I was always good at math in school, it just made perfect sense to me. I have heard the argument that math takes way less creativity so many times, some people even saying that in a way, it takes less thought than a humanities subject, like literature or history, but that’s just ridiculous, mathematics can be just as creative as writing!
Now I don’t think that pure computation, just adding, subtracting and solving using straight formulae, things that any computer could do for you is particularly creative, but there is huge amounts of creativity in developing new ideas and concepts in math that actually turn out to be immensely useful in other sciences, as well as using already existing ideas and concepts to solve problems and proofs that they were never initially meant for.
Without a doubt, solving any truly complex mathematical problem requires creativity, because often to prove that something is true or false you first have to prove the opposite by finding a counterexample. Just doing that requires using deep creative thinking, more that any rote-learned high school formulae can give you.
Besides, what so many people fail to realize is that creativity is wholly in the eye of the beholder, you can never truly define what is or is not creative, just as you cannot teach someone to be creative. You can give them the tools to use their intelligence and tap into a natural creativity, just as you can teach someone to paint, but you can never teach someone to use original thought and creativity and invent new theories and ideas.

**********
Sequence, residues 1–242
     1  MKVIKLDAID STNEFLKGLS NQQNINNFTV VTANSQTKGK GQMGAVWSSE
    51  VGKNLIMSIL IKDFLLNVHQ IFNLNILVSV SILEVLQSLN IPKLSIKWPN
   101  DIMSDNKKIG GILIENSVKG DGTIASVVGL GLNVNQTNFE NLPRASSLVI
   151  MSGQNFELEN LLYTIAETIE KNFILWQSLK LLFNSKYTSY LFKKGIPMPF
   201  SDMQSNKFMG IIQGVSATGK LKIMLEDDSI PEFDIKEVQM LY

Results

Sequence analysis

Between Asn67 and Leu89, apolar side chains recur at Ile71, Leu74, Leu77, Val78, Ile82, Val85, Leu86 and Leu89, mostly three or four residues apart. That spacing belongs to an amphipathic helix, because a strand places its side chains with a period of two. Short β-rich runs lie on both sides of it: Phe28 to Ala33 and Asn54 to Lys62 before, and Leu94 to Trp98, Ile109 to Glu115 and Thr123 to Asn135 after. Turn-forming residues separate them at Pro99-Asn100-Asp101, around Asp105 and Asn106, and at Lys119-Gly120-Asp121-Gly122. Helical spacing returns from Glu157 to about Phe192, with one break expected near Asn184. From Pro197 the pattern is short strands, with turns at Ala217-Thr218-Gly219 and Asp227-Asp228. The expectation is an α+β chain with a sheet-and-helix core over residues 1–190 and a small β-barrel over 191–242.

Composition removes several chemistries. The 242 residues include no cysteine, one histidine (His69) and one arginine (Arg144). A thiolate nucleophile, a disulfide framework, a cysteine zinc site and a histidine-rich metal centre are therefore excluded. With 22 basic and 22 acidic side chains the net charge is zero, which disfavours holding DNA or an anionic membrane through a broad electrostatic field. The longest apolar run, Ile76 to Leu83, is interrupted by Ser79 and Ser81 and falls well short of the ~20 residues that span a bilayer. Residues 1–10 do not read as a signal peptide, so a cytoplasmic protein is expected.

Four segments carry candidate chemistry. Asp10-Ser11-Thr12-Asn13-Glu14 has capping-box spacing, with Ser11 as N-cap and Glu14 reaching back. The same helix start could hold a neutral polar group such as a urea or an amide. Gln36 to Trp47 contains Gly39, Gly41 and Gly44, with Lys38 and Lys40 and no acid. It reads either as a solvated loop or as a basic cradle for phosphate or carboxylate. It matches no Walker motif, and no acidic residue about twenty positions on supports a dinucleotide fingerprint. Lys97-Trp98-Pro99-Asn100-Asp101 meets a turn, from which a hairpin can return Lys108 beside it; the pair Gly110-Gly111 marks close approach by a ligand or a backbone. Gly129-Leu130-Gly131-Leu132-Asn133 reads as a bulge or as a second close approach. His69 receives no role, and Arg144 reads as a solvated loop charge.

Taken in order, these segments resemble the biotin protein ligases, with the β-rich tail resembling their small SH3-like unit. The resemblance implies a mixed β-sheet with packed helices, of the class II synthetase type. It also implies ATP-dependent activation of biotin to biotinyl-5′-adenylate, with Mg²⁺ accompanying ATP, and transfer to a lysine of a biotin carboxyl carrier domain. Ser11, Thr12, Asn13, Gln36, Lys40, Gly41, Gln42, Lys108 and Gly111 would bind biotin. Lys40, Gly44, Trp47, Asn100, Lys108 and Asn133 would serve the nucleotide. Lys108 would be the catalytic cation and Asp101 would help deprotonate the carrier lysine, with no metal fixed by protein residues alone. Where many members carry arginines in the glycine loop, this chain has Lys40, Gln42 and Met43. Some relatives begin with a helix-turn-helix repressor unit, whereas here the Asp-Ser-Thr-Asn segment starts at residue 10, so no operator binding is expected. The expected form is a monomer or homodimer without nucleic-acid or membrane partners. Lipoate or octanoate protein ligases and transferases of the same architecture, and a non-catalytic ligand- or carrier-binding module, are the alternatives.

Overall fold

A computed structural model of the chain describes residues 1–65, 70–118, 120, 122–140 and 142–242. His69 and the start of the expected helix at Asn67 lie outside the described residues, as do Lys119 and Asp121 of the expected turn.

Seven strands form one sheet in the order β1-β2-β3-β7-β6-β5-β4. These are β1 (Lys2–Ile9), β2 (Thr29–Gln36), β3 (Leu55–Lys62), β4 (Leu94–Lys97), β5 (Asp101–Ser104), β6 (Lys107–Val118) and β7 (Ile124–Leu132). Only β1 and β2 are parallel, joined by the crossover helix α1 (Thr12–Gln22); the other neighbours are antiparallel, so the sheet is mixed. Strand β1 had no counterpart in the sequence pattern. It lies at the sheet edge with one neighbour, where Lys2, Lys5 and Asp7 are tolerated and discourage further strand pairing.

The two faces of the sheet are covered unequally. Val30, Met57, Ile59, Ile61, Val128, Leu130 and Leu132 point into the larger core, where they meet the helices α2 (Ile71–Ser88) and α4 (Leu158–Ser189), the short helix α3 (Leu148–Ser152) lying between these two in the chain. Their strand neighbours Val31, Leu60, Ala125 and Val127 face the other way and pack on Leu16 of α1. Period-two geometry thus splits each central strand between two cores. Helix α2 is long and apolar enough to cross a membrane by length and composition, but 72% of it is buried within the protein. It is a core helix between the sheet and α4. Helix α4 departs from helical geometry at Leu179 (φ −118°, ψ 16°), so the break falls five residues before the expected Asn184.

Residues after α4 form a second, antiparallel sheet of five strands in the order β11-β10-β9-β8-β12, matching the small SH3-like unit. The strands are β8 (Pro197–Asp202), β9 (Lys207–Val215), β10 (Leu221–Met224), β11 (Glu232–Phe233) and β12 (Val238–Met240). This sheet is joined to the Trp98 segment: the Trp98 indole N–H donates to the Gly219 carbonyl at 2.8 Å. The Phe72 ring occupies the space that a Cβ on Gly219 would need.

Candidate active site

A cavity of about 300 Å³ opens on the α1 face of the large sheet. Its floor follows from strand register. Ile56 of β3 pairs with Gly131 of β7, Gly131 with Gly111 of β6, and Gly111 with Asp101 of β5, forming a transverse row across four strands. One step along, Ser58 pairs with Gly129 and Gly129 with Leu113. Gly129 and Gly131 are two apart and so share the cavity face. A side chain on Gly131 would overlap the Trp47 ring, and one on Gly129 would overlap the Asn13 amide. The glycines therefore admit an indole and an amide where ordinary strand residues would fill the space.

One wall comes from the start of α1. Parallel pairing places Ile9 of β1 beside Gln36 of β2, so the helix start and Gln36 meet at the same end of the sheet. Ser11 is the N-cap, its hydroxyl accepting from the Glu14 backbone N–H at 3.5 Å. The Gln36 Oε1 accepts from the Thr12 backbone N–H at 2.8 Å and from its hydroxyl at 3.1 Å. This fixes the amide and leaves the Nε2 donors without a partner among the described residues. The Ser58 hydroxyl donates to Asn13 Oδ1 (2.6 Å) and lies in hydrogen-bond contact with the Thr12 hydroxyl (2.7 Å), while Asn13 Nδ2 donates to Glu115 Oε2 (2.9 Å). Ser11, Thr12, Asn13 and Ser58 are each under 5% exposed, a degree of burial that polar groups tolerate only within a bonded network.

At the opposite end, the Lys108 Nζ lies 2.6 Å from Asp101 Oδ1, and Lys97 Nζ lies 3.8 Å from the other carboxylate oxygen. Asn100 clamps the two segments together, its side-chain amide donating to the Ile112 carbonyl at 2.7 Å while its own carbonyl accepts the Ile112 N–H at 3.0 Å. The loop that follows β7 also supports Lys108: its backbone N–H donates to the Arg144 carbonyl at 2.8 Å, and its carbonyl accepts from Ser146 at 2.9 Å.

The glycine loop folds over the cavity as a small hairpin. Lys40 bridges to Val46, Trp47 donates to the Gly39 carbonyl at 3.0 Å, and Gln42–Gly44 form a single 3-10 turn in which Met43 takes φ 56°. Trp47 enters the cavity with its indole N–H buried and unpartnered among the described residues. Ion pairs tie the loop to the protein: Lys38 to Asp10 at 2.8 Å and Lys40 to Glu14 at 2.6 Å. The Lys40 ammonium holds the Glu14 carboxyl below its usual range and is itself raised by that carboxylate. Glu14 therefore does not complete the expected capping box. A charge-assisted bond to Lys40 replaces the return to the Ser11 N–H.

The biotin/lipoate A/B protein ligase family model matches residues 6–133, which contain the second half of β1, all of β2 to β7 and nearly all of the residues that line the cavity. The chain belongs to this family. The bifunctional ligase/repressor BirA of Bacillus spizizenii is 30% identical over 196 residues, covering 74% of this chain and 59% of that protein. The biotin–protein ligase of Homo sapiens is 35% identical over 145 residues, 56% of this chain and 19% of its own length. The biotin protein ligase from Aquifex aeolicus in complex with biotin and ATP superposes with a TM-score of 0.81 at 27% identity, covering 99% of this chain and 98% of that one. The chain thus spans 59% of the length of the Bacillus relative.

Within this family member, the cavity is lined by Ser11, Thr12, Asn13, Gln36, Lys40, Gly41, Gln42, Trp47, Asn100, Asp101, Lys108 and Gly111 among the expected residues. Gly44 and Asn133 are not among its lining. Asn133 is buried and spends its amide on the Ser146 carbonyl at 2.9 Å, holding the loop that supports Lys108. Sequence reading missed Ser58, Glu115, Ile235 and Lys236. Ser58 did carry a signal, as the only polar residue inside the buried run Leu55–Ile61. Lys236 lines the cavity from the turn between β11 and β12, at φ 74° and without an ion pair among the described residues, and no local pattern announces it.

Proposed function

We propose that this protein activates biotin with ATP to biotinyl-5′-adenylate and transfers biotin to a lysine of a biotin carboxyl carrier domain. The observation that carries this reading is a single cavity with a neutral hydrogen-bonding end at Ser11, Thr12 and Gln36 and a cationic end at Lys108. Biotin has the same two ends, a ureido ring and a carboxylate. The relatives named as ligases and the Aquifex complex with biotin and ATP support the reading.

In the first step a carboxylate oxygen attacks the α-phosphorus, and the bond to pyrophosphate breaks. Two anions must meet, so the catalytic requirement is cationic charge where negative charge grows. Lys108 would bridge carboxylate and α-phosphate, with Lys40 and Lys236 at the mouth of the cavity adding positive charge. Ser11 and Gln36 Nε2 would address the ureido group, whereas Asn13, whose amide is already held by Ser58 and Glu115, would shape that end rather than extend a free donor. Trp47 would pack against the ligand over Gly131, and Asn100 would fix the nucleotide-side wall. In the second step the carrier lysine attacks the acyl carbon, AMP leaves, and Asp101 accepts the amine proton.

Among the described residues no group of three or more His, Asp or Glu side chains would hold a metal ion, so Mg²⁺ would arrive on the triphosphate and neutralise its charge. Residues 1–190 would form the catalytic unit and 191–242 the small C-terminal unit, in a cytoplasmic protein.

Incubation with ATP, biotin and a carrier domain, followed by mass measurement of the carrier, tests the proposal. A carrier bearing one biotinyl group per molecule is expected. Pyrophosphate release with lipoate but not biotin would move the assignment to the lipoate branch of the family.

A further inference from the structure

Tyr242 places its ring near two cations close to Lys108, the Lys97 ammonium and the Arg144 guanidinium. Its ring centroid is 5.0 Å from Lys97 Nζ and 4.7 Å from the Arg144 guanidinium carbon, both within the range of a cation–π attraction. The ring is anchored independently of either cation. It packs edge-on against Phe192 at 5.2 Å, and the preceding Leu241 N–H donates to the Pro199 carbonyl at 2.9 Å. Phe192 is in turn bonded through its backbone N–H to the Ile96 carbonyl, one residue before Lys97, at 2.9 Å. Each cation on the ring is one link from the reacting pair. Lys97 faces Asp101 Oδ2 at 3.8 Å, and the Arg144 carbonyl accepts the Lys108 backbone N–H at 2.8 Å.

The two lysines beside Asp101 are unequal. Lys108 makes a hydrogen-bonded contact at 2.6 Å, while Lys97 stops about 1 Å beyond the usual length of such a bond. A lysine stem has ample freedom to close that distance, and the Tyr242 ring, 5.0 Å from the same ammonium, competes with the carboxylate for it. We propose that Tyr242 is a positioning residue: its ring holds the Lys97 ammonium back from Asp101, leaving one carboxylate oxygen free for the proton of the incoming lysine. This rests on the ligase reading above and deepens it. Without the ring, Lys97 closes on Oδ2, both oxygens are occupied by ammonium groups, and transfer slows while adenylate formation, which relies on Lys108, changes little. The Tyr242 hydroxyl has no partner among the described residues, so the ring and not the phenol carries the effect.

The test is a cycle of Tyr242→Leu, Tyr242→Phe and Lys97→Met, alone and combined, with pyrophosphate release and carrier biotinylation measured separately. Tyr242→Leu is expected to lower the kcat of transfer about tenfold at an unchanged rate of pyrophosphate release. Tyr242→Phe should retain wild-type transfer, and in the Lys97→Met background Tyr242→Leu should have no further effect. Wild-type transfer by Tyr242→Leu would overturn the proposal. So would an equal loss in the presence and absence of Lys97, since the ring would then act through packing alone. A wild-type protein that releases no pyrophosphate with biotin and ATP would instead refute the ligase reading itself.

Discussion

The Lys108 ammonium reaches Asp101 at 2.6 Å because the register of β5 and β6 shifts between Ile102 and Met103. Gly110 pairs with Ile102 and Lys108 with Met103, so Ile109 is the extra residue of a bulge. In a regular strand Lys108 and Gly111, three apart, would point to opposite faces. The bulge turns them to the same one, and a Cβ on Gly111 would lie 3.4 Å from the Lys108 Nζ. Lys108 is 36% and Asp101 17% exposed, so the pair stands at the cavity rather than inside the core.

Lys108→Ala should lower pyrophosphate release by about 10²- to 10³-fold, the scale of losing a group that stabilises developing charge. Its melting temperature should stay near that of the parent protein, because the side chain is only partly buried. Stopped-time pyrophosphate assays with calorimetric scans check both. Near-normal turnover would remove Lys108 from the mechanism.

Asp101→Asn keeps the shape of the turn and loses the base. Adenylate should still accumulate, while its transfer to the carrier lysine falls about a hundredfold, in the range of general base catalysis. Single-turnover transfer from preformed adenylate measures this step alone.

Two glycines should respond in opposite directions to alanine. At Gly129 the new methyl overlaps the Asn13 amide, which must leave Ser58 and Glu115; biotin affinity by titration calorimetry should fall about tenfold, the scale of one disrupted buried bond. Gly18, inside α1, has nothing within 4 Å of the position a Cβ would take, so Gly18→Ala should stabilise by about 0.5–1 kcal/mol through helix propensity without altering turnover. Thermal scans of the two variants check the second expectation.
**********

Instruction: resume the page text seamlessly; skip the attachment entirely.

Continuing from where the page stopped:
I’m sorry for ranting, but when your parents are an author and a history professor, and your older sister is an artist, it’s hard to convince them that there are different forms of creativity in the world, and that on a basic level, people’s differences and personalities will determine where creativity lies in them, after all, science and mathematics are rooted in inventing and discovering, and how can one invent something without creativity?
All this, because I got a job at one of the top accounting firm in Melbourne, and because I’m truly excited about it!
I wholeheartedly wish my family would understand that I find it fascinating, and that what interests them so keenly I would never voluntarily do. It is kind of funny though, because the stereotype is the artistic child rebelling against the traditionalist and math-oriented parents, and here I am wanting to be an accountant, you would think they would be pushing me in this direction in the first place, but no luck there!